Politics and Policy

The Nevada legislature has wrapped up its 120-day session after making the historic decision to approve more than a billion dollars in tax hikes for K-12 education. Reno Public Radio's Michelle Bliss reached out to Fred Lokken, professor of political science at Truckee Meadows Community College, to learn how such a controversial tax package gained so much momentum and support.

According to Lokken, passage of this bill really came down to two things: Sandoval's leadership and fracturing of the state Republican party. 

Alexa Ard

Governor Brian Sandoval's plan to raise taxes by more than a billion dollars for K-12 education has cleared both legislative houses. Reno Public Radio's Michelle Bliss reports on Monday's vote for the state's largest tax increase ever. 

The state senate broke into loud applause after the final vote count on SB483 was announced as 18-3. Democratic Senator Aaron Ford called the decision "historic."

The Nevada legislature is more than halfway through its 120-day session. Reno Public Radio's Michelle Bliss caught up with Fred Lokken, professor of political science at Truckee Meadows Community College, to discuss what he says is one of the most unproductive and dysfunctional sessions in state history. 

Lokken has been studying Nevada politics for 24 years and says that with Republicans in charge of both the Assembly and Senate, this session has brought to light an embarrassing amount of infighting.

Esther Ciammachilli

The Nevada Assembly rejected a bill last night (Tuesday) that would have required students to use school bathrooms that correspond to their biological sex.

The highly controversial AB375 was marginally voted down in a 22-20 vote with five Republicans and all Democrats opposed.

Republican Assemblywoman Vicki Dooling was the bill's main sponsor.

"This bill will bring privacy and safety for all children," Dooling said.

Nevada Lawmakers Want More Freedom To Collect Online Sales Tax

Apr 22, 2015

Lawmakers have passed a bill aimed at helping Nevada collect more tax revenue from online retailers.

The Senate unanimously passed the bill yesterday (Tuesday), and the Assembly passed an identical measure.

The U.S. Constitution's Commerce Clause prevents states from requiring a merchant to collect and turn over sales tax unless the business has a substantial base in that state.

Governor Brian Sandoval's tax plan has cleared the Senate. Reno Public Radio's Michelle Bliss reports that the proposal now heads to the Assembly where it'll face tough opposition.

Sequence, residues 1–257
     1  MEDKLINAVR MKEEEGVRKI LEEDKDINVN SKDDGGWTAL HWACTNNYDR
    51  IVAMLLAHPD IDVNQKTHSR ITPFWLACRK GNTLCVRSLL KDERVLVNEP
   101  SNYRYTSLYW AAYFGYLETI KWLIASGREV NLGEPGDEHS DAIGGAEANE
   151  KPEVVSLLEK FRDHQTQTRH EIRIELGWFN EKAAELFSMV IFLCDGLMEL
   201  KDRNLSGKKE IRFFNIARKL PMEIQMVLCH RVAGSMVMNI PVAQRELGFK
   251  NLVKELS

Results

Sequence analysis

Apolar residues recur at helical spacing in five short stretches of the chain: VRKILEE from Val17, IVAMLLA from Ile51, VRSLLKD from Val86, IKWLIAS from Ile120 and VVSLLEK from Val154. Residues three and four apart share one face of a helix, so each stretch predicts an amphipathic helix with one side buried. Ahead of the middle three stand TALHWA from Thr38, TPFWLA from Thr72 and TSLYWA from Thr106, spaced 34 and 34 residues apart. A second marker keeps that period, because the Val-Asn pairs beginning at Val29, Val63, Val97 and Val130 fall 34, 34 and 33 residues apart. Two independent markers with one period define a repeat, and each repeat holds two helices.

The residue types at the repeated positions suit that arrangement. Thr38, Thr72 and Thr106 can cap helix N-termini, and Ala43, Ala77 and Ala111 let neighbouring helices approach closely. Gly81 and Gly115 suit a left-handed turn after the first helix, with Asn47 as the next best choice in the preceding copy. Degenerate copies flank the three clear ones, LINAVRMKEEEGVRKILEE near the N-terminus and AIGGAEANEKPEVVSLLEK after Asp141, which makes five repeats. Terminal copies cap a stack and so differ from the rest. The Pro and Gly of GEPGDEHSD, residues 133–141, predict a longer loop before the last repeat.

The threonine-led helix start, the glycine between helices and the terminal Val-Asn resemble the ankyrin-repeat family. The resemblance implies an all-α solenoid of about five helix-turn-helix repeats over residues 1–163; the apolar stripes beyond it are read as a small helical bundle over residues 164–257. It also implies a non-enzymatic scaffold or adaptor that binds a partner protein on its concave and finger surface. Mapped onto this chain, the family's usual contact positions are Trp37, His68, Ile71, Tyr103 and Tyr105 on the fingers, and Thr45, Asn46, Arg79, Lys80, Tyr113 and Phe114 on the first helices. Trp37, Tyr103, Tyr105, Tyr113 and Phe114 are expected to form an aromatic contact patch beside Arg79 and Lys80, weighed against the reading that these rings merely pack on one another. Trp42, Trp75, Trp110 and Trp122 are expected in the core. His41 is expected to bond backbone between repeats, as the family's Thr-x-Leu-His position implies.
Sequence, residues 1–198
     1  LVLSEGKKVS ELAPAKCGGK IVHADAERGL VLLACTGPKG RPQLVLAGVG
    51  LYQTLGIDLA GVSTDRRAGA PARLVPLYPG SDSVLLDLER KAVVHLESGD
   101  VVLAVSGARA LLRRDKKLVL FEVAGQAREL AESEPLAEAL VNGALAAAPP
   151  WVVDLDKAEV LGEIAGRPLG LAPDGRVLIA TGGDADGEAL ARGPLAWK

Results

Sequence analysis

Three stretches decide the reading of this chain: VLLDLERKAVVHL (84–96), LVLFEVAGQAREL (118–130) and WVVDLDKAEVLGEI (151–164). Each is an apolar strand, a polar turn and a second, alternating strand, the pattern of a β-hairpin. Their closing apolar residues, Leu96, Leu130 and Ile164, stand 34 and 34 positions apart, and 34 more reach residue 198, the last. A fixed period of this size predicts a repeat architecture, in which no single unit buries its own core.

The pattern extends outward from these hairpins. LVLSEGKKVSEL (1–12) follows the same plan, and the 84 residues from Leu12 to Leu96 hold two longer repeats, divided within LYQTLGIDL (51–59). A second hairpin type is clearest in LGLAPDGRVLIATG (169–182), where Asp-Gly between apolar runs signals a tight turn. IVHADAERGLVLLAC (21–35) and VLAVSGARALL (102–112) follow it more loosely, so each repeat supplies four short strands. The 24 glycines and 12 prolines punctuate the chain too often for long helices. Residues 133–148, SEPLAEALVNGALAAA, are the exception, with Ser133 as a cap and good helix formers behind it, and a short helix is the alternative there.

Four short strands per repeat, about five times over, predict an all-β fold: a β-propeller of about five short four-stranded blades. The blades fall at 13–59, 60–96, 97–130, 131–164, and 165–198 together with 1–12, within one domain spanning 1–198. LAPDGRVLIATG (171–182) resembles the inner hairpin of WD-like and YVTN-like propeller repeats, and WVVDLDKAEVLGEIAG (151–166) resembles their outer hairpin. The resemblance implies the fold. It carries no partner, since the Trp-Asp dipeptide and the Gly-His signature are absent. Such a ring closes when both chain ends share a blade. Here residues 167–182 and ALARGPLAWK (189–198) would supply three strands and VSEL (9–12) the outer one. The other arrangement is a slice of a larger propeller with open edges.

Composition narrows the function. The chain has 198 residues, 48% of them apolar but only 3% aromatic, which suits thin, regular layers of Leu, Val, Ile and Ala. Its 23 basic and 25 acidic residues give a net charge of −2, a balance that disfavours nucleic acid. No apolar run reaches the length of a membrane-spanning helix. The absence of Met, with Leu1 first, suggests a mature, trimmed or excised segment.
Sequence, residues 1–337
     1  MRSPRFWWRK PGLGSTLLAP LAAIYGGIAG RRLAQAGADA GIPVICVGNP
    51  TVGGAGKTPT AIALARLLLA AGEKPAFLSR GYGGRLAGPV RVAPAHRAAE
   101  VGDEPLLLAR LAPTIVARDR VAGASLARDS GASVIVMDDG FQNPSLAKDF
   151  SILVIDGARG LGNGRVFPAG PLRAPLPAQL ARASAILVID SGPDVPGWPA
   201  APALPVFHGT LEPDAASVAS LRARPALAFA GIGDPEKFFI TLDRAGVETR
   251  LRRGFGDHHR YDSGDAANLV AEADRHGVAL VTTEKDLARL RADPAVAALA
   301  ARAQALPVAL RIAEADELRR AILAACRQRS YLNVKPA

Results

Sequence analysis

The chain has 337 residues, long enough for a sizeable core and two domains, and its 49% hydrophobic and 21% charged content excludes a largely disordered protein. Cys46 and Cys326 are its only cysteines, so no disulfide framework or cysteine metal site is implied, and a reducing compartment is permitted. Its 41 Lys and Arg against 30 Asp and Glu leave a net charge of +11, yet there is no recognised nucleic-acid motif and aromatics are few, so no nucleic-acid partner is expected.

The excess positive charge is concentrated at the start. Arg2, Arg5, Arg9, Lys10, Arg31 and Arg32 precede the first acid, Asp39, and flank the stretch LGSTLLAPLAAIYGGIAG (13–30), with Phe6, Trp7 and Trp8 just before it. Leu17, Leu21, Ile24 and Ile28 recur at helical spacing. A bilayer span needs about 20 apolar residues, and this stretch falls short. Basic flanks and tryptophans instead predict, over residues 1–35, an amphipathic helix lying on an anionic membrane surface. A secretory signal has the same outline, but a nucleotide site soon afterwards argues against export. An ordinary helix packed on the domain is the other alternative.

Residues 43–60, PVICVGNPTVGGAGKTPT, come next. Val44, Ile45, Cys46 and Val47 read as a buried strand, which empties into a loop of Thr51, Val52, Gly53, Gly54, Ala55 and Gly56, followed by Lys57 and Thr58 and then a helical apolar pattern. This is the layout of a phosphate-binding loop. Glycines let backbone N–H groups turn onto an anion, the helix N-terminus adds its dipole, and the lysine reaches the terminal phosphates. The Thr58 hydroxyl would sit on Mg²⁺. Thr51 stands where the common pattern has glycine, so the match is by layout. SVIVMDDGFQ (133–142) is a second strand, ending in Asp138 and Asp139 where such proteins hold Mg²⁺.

Only four senators voted against the proposal, while 17 came out in support. That's more than the required two-thirds majority vote needed, and it's a margin that surprised even Governor Sandoval.

The Nevada Assembly has approved a measure requiring parental notification before a minor can receive an abortion. Reno Public Radio's Michelle Bliss reports that lawmakers passed AB 405 in a 24-17 party-line vote on Friday.

The bill would require physicians to send written notification to the parents or guardians of a minor seeking an abortion. It also requires a 48-hour wait time before the procedure.

David Parks

Therapies that are meant to turn young gay people straight could soon be banned in Nevada. Reno Public Radio's Michelle Bliss reports.

Democratic Senator David Parks is sponsoring a bill that would outlaw psychotherapists and social workers from providing what's called "sexual conversion therapy" to patients under 18. He says the practice is unethical and unscientific. Ron Lawrence, a marriage and family therapist in Las Vegas, agrees.

A bill under review by Nevada lawmakers would require all businesses in Nevada to offer paid sick leave to employees. Reno Public Radio's Michelle Bliss reports.

Under Senate Bill 259 all workers would earn at least an hour of paid sick leave for every 30 hours on the clock. That benefit would kick in after a worker has been on the job for 90 days. Democratic Senate Minority Leader Aaron Ford sponsored the measure and testified at a Senate committee meeting Monday.

Senate Minority Leader Harry Reid is backing New York Sen. Chuck Schumer to succeed him as Democratic leader. Reno Public Radio's Michelle Bliss reports that Reid issued his endorsement Friday morning, shortly after announcing he will retire next year instead of running for re-election.

Reid was first elected to the Senate almost thirty years ago.

Reid said he wants to make sure Democrats regain control of the Senate next year and that it would be "inappropriate" for him to soak up campaign resources when he could be focusing on putting the Democrats back in power.

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